Between Alberta’s 2030 coal phase out and Premier Jason Kenney’s push for increased metallurgic coal mining, the future of the industry in the province is in flux.
The provincial government faces stiff opposition to its proposed changes to coal mining laws that would open up previously protected areas.
Alberta’s government is seeking to increase its share in the global metallurgic coal market.
Alberta is set to complete its 2030 coal phaseout seven years ahead of schedule, cutting electricity sector emissions in half.
When it comes to coal in Alberta, you’d be forgiven for being confused about the province’s stance since it has implemented one of the most ambitious coal phase out plans in the world while at the same time announcing the rollback of coal mining restrictions.
The latter action prompted a severe backlash, and the provincial government was forced to backtrack on its decision to open up large swathes of formerly protected land in the Rockies and Eastern Slopes to open-pit mining.
Alberta’s mixed messaging on coal
The Alberta government has cancelled 11 recently issued coal leases and hit the pause button on future lease sales, pending public consultation. The consultation began on March 29th, 2021 and is billed as a discussion on a “modern coal policy for Alberta.”
It could be a tough sell, as many Albertans of all political stripes have voiced their opposition to the proposed changes: a ThinkHQ poll found 69% of respondents disapprove of mining in previously protected areas.
Former Wildrose Party leader, Brian Jean asked the Calgary Herald whether it would “be better for our water and environment and our long-term reputation if we just decided to say no to starting new mines.”
NDP leader Rachel Notely voices similar concerns, describing coal as “an industry with which there is a sunset within our sights. I’m just not sure this is something any government should be building an economic recovery on.”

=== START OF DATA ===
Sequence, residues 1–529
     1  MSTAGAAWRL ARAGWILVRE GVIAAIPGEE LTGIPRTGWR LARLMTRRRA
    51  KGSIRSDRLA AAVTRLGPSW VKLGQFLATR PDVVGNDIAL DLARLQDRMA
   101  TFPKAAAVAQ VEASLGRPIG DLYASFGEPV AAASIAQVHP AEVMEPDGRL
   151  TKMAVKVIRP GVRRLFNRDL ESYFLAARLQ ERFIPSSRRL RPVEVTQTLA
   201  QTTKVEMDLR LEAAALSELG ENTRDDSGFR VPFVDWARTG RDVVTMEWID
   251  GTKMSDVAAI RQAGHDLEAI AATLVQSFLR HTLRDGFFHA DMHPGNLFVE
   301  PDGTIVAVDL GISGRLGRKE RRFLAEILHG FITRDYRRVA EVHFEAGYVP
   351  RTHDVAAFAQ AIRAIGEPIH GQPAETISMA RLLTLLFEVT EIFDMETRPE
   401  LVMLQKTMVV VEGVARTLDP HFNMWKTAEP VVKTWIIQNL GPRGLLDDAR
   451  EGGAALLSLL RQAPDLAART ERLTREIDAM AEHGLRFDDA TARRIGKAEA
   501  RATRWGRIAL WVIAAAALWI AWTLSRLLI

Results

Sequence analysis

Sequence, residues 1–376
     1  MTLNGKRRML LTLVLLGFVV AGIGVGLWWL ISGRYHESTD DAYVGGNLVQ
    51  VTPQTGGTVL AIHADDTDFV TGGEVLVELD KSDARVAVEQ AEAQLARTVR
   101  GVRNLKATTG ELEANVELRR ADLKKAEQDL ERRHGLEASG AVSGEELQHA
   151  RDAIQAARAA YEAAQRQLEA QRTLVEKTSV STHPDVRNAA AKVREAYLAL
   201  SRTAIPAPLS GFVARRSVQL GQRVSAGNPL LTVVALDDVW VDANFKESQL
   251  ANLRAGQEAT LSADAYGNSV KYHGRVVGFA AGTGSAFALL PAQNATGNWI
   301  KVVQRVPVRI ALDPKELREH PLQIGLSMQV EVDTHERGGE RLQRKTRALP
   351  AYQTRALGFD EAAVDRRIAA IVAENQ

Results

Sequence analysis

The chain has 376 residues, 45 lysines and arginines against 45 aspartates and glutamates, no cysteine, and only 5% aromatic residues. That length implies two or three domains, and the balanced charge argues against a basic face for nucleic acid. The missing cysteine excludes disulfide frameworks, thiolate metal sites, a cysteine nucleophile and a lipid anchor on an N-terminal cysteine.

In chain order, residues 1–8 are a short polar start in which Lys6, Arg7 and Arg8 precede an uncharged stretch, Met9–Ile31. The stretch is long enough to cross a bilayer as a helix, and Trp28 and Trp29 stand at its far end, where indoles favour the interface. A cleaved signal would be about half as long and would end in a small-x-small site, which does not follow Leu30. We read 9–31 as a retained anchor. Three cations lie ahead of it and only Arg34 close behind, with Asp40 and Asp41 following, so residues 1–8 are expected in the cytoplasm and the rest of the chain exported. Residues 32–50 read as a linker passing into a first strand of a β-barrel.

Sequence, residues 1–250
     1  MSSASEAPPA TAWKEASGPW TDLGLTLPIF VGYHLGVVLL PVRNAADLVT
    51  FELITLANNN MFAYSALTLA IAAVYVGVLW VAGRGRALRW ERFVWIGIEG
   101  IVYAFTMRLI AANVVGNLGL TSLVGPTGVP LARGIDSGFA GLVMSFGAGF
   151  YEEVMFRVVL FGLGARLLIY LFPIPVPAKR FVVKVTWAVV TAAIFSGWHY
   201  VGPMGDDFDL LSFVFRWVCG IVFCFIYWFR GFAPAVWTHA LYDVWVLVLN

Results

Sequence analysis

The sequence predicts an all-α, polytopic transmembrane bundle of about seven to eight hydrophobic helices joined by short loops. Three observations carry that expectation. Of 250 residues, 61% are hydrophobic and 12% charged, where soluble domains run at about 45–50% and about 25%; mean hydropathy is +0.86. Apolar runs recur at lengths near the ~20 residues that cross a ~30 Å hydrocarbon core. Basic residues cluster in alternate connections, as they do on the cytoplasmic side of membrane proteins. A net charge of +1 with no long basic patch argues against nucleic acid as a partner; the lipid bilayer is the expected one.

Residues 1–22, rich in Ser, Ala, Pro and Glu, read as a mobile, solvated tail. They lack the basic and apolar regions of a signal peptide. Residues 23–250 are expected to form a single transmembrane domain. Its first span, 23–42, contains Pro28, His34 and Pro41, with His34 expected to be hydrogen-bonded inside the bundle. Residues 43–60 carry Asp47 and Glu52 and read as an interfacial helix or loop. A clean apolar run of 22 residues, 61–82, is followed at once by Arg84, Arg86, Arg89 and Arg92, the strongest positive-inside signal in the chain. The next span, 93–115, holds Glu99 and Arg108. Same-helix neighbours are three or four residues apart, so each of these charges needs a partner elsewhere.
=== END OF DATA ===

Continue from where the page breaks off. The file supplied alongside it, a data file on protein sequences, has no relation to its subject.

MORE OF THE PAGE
Now it should be noted that the current United Conservative government is focusing on metallurgical coal, namely coal used in the production of steel, which remains in high demand, especially in China.
In 2014, electricity generation used 78% of the coal mined in Alberta, with metallurgical coal making up the remaining 22%. Steel making accounts for 4.8% of global industrial emissions, and Alberta’s government wants to position the province as a leading supplier.
The economic argument for exporting metallurgical coal aside, the optics of the announcement has not been to the provincial government’s advantage: touting coal is becoming a political liability.
Highlighting the potential of Chinese coal demand (whether for power or smelting) leads to mixed messaging. Alberta’s own energy war room – the Canadian Energy Centre – warns of China’s coal emissions as part of its sales pitch for Albertan natural gas exports.
China consumes half of the world’s coal each year; that percentage increases to 75% if you include Japan, South Korea, Taiwan, India, and Southeast Asia. Meanwhile, together, the EU and US will account for just 10% of global coal demand by 2025, down from 37% in 2000. Coal power generation is the single largest contributor of global, anthropogenic CO2 emissions.